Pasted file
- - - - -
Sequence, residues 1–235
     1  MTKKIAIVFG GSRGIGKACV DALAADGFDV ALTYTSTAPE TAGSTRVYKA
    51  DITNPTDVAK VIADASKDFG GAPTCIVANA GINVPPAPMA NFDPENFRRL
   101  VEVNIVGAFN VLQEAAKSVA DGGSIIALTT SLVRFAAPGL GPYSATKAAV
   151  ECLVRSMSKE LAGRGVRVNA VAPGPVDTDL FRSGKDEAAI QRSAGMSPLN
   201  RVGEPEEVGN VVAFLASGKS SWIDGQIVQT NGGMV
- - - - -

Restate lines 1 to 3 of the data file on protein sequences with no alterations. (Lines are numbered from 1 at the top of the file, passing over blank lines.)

Sequence, residues 1–235
     1  MTKKIAIVFG GSRGIGKACV DALAADGFDV ALTYTSTAPE TAGSTRVYKA
    51  DITNPTDVAK VIADASKDFG GAPTCIVANA GINVPPAPMA NFDPENFRRL